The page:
Is the medium really the message?

Two sides of a coin : technology vs society

Based on multiple views of technology and its role in shaping human society, or whether it has any role at all, I would like to analyze the growing popularity of wearable technology in recent years. There are three main perspectives to consider: one which states that technological inventions determine the society, another that argues that the advancement in technology is separated from the needs of society, and, lastly, a view that emphasizes social influences on the shaping of new technology.

McLuhan famously coined the phrase “the medium is the message.” He believed that technology, as a medium, is an extension of human senses, and that it shapes the ways in which society forms and behaves. He completely disregards the ‘contents’ of the medium as “the juicy piece of meat carried by the burglar to distract the watchdog of the mind” (McLuhan 18) and that its effect is negligible to the changes of behavior and pattern in society. One example he gives is the railroad system. “The railway did not introduce movement or transportation or wheel or road into human society, but it accelerated and enlarged the scale of previous human functions, creating totally new kinds of cities and new kinds of work and leisure. This happened whether the railway functioned in a tropical or a northern environment, and is quite independent of the freight or content of the railway medium.” (McLuhan 8)

In recent years, I’ve observed growing interests in maintaining healthy lifestyle. Close friends and many other are joining weekly running clubs, eating healthier than before, biking, running marathons, etc. — people have become more active. According to McLuhan’s theory, the rise of wearable devices would have caused such change, as most wearable devices are portable — small, light, easy to carry (the contents of these devices, which are geared towards fitness and health, should be considered irrelevant to such changes in behavior). Did people suddenly get more engaged in such activities due to the invention of wearable devices?

On the other hand, Kittler argues that technology develops in isolation and its application in society happens as people find uses for such invention — that it can be considered “anything but accidental” (Kittler 35). As he discusses technological developments in televisions and films, he directs his attention to the relationship between technology and war. “It is no accident that the age of media technologies is at the same time also the age of technical warfare” (Kittler 42). He stresses that the strategic needs for faster transfer of information in military setting, “crucially accelerated the explosive rise of optical media over the last hundred years” (Kittler 42). Likewise, wearable technology has been progressing for past decades for soldiers. However, such devices haven’t been marketed for the mass until recently. Is it really an accident that wearable devices are getting ever so popular nowadays?

In my opinion, two perspectives above on technology do not quite explain the rise of wearable devices in recent years; McLuhan asserts that technology drives social changes, and Kittler considers social changes as offshoots of technology. Both do not consider societal influences that can direct technological inventions. “Such an interpretation would differ from technological determinism in that it would restore intention to the process of research and development. The technology would be seen, that is to say, as being looked for and developed with certain purposes and practices already in mind. At the same time the interpretation would differ from symptomatic technology in that these purposes and practices would be seen as direct: as known social needs, purposes and practices to which the technology is not marginal but central” (Williams 7)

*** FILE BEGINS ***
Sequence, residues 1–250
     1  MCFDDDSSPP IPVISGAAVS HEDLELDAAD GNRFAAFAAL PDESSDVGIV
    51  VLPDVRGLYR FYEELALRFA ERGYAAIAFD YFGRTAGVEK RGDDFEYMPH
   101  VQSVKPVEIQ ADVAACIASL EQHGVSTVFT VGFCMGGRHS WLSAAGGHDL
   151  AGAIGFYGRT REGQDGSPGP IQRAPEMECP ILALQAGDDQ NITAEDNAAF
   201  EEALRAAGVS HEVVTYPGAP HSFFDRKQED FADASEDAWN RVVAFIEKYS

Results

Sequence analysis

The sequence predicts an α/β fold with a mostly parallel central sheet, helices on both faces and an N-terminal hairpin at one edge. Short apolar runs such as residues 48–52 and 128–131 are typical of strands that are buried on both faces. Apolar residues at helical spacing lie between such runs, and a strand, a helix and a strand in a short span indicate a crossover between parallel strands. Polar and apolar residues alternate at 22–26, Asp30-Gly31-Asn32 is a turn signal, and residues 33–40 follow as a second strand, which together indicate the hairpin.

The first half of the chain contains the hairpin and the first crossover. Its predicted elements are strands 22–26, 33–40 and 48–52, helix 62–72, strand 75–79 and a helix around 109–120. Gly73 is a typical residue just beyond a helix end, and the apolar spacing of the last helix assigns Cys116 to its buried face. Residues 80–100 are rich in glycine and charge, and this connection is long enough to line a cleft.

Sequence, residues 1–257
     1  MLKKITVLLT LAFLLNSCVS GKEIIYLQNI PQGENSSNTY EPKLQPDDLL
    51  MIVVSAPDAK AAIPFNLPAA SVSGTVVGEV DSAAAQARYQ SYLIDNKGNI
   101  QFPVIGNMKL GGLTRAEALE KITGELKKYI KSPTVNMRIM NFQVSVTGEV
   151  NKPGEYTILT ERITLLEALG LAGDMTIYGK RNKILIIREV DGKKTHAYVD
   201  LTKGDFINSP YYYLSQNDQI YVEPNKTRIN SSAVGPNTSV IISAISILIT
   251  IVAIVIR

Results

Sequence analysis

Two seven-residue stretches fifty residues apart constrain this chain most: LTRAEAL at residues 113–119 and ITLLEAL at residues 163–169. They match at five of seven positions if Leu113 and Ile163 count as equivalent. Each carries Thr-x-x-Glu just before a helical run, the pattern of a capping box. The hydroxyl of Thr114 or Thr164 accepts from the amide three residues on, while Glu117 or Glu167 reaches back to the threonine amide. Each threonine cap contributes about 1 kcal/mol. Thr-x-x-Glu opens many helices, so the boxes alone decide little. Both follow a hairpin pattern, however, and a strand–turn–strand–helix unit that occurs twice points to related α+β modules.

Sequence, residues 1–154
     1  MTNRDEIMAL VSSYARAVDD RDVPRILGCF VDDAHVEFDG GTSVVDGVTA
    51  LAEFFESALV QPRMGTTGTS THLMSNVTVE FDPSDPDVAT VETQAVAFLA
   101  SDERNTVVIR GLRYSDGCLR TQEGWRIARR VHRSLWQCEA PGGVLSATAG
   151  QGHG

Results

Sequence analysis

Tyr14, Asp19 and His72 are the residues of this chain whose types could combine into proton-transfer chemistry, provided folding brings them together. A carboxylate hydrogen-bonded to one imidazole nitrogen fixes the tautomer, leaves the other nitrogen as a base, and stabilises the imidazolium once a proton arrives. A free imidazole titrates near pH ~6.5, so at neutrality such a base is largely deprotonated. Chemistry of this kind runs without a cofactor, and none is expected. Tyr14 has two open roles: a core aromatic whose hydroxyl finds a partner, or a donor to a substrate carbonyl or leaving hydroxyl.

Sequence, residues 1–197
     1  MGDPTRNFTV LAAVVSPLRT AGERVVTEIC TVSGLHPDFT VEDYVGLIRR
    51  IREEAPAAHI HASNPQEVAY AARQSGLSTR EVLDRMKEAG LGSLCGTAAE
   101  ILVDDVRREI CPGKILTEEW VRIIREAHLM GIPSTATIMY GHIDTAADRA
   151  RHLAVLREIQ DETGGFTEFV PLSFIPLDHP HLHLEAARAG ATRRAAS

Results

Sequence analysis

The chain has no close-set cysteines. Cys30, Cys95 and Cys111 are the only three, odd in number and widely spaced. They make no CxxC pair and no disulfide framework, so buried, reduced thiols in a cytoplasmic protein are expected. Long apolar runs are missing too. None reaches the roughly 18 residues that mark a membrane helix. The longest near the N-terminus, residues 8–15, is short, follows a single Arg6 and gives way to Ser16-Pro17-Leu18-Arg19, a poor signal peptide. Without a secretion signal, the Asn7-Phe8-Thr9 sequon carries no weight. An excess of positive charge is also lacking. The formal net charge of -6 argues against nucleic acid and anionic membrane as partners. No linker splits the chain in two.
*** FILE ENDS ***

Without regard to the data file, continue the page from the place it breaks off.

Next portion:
As technology market is being saturated with smart phones, reaching a plateau, there is a sense of competition in the tech industry to come up with the next break-through product to meet the consumer demand. As giant tech companies are noticing the growing trend of health and well-being, they are looking to accommodate such needs. As other supporting technologies for wearable devices are getting developed — such as small GPS, natural language user interface, network across different platforms, etc — many companies are recognizing wearable technology as a big business opportunity. “A need in which corresponds with the priorities of the real decision-making groups will, obviously, more quickly attract the investment of resources and the official permission, approval or encouragement on which a working technology, as distinct from available technical devices, depends” (Williams 12).

Analyzing the three primary perspectives on relationship between technology and the society, I believe that technological inventions cannot be made without purpose — whether it is for military use or mass use, whether its end use aligns with the original intention or not, there is always a group of decision makers that pushes the technology to a certain way.

— Marshall McLuhan, “The Medium is the Message,” “Media, Hot and Cold,” and “The Gadget Lover,” Understanding Media: The Extensions of Man. (New York: McGraw-Hill, 1964). (

— Friedrich Kittler, Optical Media, (Malden, MA: Polity, 2010), “Theoretical Suppositions,” 29–46. Optional introduction (of use for discussion leaders and understanding Kittler’s background): John Durham Peters, “Kittler’s Light Shows.”

— Raymond Williams, “The Technology and the Society” and “Effects of the Technology and its Uses,” Television (London: Fontana/Routledge, 1974).